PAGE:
I’ll be honest: I only associate Dermot Mulroney with his very funny, very bizarre cameo in Burn After Reading — probably because it was, at the time, all I had actually seen him in — a mental pairing that made his (altogether good) work in The Grey a bit hard to appreciate. My point being? Maybe there isn’t a larger point, actually. Other than “I really like talking about Burn After Reading.”
Sadly, though, we’re not hear to discuss one of the Coen brothers‘ finer comedies; the point of discussion is the Steve Jobs biopic, Jobs, which Mulroney has just made himself a member of. Deadline reports that, for director Joshua Michael Stern, he’ll appear as Mike Markkula, an early investor in Apple who “believes in the vision Jobs displays, but is torn between the wunderkind and the board.” (Spoiler: He went with the board.) Much like Matthew Modine‘s role — John Sculley, who carried out Jobs’ actual firing in 1983 — it’s bound to be a major part of Jobs‘ emotional arc, so be moderately glad they found a fine actor to take it up. Which doesn’t mean I won’t be saying “a very special moment with Dermot Mulroney” in my head during most of his screentime — but at least everyone else can contain themselves.
(The story also mentions, quite briefly, that Lukas Haas will be playing Daniel Kottke, one of Apple’s first employees and a major developer of the Apple I-III computers. Satisfying news.)
Now, for some visual displays of the Jobs cast. A deluge of sites have found photos from the set, managing to grab shots of Ashton Kutcher (Jobs), Josh Gad (Steve Wozniak), Ahna O’Reilly (his neglected lover, Chris-Ann Brennan), Haas, Mulroney, Ron Eldard riding a bike, and an unidentified actor playing Bill Gates. It all looks very low-rent and TV-like, and I don’t think that’s what they were aiming for.
Does the addition of Mulroney bode well for Jobs? How about those set pictures?
When discussing the “merit” of titles joining The Criterion Collection, it seems like a no brainer to see Fred Newmeyer and Sam Taylor’s Safety Last! as the latest masterpiece to get a spine number. The Harold Lloyd-starring comedy remains an endlessly delightful romp, as inventive as well as relatable as it must have felt in [...]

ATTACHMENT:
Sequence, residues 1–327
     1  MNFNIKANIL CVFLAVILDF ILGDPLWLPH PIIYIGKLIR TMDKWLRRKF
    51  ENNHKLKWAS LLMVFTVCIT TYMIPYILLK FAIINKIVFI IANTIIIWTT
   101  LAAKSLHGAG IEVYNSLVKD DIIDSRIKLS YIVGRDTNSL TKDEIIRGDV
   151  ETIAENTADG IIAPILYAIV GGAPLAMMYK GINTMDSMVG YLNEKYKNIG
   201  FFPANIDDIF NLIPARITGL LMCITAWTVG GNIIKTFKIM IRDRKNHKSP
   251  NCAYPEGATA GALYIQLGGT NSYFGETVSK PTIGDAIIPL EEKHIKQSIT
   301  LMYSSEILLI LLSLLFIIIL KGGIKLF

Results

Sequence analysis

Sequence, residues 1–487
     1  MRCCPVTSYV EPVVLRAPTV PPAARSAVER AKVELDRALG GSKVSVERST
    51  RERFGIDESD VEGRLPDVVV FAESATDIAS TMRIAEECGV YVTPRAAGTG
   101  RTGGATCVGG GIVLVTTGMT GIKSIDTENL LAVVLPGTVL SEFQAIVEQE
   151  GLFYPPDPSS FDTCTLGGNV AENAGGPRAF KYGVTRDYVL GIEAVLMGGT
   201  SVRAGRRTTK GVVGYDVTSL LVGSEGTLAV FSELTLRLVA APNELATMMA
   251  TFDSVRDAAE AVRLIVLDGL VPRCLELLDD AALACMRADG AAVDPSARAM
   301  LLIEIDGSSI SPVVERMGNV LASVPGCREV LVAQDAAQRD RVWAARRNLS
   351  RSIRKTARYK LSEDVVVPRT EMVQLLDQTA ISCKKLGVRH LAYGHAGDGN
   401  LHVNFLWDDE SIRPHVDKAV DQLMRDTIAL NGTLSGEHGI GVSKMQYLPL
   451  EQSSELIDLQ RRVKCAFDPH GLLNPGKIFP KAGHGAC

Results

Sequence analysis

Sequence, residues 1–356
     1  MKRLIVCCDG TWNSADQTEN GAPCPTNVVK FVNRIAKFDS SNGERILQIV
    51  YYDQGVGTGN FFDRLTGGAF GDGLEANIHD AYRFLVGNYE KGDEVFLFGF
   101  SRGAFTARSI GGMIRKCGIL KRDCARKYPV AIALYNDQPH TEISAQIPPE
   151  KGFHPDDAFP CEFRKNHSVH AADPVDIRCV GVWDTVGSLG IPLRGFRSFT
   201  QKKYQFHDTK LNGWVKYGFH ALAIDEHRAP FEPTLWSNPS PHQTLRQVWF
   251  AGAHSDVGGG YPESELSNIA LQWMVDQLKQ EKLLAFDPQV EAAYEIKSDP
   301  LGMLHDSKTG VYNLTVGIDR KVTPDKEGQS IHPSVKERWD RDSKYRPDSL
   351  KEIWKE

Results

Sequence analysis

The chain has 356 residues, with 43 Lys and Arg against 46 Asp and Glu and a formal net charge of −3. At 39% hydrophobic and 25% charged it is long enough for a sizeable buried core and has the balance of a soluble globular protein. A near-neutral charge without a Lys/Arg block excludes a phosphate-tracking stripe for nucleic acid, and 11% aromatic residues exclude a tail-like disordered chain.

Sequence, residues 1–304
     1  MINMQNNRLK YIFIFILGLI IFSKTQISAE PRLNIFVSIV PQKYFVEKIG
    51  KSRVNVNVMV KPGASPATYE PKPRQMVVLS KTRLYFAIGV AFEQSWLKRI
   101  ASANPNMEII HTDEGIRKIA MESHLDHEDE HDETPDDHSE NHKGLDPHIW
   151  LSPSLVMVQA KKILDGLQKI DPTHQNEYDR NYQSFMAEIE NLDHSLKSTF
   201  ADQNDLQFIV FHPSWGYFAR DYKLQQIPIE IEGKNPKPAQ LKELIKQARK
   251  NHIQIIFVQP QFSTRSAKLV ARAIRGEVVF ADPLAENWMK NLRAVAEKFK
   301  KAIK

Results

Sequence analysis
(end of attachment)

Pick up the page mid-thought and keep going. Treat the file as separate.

Today marks the launch of our new recurring column, which dives into the cream of the crop when it comes to this week’s home releases, including Blu-ray and DVD, as well recommended deals of the week. Check out our rundown below and return every Tuesday for the best films one can take home. Note that [...]
Note: The following piece contains spoilers for both Shadow of a Doubt and Stoker. Alfred Hitchcock’s Shadow of a Doubt is already available on Blu-ray, as a component of the sizeable Hitchcock box-set that was released last October. This month, however, sees its individual, standalone release on the format, and the timing couldn’t be more [...]
After a recent New York screening of František Vláčil‘s Marketa Lazarová, my friend and fellow critic, Vadim Rizov, tweeted the following response: “Sheep God war men snow church blood swords ‘old crone’ justice grass wtf WTF UNCLE.” He certainly wasn’t alone in such a confused response. Lazarová — now out on Blu-ray via Criterion — is [...]
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